The key to virtual private networks - or VPN - is the creation of the encrypted tunnel from the client to the VPN server. Through this tunnel, all the internet data is transmitted back and forth. The privacy of the VPN connection is based on the encryption used, to keep the data going through it secure from both hackers and others - like your ISP - that want to take a peek.
There are plenty of options for the encrypted data VPN protocol, each with its advantages and disadvantages. Some popular ones are PPTP, SSTP, and OpenVPN (which has both TCP and UDP variants). The goals of any of these encryption protocols is to provide a high level of encryption, with a low overhead of computing resources. While OpenVPN remains quite popular with its 256-bit encryption, it does go back to 2001, and much has changed with computing since Windows XP debuted.
WireGuard is a more recent entry into the world of VPN encryption protocols and is just beginning to gain more traction in the cybersecurity sphere. In this article, we're taking a closer look at WireGuard.
A lighter VPN protocol...
WireGuard's developer is Jason A. Donenfeld who has a background in online security, with current development done by Edge Security LLC. While it was initially developed for the mainstream Linux kernel, it is currently cross-platform, with support for the major operating systems of Windows, Mac, iOS and Android.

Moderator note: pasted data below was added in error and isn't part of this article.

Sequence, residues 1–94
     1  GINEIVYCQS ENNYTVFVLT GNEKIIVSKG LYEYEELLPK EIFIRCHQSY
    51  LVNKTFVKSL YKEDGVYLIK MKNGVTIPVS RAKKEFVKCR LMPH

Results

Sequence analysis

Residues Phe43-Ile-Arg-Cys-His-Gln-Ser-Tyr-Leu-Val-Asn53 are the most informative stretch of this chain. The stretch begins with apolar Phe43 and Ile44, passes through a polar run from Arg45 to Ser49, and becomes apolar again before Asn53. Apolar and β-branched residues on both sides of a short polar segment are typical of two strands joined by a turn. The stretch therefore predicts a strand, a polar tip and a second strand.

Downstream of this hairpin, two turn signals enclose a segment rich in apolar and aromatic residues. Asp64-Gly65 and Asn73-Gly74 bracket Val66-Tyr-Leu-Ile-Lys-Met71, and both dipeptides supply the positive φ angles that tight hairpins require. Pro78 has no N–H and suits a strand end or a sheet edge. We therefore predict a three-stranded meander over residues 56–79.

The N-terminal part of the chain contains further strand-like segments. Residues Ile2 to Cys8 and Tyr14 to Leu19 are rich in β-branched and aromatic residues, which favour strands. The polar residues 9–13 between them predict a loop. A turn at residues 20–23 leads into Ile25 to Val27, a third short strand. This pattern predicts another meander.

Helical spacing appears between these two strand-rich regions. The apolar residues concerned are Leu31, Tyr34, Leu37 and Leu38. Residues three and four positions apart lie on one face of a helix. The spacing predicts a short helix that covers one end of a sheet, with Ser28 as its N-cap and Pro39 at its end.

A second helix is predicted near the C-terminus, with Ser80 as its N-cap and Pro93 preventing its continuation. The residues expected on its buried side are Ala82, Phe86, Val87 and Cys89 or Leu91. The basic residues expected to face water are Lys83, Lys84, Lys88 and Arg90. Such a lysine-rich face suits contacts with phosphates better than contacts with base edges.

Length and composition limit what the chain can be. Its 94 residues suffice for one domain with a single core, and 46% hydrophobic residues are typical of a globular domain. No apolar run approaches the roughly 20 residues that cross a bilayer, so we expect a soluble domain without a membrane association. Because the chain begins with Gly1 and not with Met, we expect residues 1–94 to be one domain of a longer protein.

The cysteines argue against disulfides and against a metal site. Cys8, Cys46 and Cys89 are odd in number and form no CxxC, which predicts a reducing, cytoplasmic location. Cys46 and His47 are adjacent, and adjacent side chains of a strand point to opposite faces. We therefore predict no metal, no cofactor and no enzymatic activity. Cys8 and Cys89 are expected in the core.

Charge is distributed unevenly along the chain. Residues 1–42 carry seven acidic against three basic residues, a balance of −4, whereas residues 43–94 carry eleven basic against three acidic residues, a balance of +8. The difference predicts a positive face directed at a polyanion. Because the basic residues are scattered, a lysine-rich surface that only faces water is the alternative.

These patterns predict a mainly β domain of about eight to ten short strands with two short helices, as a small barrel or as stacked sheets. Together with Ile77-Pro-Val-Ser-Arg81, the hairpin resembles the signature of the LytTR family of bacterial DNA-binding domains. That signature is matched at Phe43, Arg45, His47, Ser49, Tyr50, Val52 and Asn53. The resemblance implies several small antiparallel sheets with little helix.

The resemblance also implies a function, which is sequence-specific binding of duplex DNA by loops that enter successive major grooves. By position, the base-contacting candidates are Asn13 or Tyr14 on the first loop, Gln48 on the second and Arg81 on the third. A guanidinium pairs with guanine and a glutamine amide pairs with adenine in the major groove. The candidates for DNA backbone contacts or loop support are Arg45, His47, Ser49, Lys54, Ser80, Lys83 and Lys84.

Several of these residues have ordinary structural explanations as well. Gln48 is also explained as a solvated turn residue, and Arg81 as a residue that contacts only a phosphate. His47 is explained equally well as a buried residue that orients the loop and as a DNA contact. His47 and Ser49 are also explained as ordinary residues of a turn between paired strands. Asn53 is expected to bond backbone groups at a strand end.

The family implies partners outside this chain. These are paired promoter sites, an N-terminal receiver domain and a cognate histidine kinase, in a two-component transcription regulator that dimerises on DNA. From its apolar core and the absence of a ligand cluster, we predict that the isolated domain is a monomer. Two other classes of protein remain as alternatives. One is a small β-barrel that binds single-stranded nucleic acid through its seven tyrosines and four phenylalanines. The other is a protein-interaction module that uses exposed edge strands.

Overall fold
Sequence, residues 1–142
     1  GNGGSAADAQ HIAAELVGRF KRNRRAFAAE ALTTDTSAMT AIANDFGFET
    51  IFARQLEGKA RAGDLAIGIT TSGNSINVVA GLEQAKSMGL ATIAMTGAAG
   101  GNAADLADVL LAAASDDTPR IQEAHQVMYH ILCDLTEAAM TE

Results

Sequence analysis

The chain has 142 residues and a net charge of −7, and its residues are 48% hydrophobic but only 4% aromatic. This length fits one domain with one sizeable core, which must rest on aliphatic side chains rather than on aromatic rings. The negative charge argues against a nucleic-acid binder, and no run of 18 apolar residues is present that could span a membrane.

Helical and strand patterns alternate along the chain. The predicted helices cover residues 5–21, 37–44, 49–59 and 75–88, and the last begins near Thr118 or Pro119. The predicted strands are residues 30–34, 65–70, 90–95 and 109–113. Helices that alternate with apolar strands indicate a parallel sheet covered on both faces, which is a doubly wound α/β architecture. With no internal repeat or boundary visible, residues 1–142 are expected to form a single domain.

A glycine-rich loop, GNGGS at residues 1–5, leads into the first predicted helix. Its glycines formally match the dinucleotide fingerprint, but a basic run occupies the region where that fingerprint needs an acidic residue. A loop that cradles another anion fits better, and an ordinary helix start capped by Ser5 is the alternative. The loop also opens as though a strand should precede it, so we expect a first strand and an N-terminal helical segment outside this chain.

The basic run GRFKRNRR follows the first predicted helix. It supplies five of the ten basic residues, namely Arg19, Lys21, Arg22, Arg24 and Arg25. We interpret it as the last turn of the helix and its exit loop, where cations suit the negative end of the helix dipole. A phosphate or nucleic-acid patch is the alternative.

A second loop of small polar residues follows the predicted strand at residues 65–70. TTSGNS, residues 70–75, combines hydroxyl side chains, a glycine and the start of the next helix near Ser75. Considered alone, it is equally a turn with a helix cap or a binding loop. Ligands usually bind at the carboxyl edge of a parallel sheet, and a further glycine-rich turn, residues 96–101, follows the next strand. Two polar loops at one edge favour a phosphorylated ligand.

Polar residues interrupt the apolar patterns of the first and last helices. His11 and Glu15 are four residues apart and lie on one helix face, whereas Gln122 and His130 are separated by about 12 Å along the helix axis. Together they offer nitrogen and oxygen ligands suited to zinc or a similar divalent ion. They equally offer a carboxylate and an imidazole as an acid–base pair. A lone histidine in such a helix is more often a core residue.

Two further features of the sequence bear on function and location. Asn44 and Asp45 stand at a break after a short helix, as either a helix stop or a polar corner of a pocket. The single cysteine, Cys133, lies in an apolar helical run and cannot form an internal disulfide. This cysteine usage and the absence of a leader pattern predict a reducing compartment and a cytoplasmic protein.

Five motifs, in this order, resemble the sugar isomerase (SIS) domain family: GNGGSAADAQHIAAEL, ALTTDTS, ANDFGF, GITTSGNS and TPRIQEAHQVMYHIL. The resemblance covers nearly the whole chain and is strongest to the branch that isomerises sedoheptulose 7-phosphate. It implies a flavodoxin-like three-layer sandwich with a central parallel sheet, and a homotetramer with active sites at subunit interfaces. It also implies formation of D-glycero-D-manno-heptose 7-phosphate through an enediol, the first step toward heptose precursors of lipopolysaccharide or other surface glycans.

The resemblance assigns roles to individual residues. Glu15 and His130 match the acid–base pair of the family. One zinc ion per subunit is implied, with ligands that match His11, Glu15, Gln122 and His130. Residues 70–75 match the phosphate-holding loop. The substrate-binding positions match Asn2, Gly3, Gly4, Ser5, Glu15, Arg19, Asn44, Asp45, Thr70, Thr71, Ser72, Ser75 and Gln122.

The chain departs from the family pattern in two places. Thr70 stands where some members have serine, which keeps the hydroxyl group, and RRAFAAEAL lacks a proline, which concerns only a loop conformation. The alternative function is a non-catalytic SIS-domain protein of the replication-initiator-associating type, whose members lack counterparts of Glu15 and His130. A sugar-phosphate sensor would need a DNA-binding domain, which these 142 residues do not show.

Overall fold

The main advantage of WireGuard is that it runs much lighter and is designed to offer encryption with less overhead. When compared to the more common OpenVPN and IPsec protocols, WireGuard demonstrates benefits with both faster throughput speeds, and lower ping times.
While WireGuard’s code is said to contain about 4,000 lines, this is far less than the 100,000+ lines of code that comprises either of the competing VPN protocols of OpenVPN or IKEv2/IPsec. This advantage also makes it well suited for embedded devices with less computing power, such as a smartphone, router, or even a RaspberryPi.
WireGuard also endeavors to be simple to deploy with an easy installation. Cryptography is state-of-the-art using modern protocols such as Curve25519, ChaCha20, and Blake2. The much shorter code length also makes it a lot simpler to audit than longer length protocols.
...but still early stages
With these obvious advantages, you may be wondering why everyone is not using WireGuard.
Well, some VPN providers have already embraced WireGuard, with Mullvad off to an early start. In fact, WireGuard is its default protocol for Linux, MacOS, Android and iOS users, and it can be enabled for Windows users, too.
NordVPN is also implementing WireGuard as part of its NordLynx project, which offers the NordVPN to Linux users. Other VPNs that use WireGuard’s protocol include AzireVPN, OVPN, TorGuard, and Private Internet Access.
However, some of the biggest VPNs have taken a more wait-and-see approach to implementation of WireGuard. In general, greater speeds for encryption usually come at the expense of lower security and at the time of writing, there are ongoing concerns that WireGuard is still early in development and so may not be as stable as a more mature project. This is why ExpressVPN and some other VPN providers have not implemented WireGuard to date.
Still, it remains an intriguing new protocol, and is off to a promising start.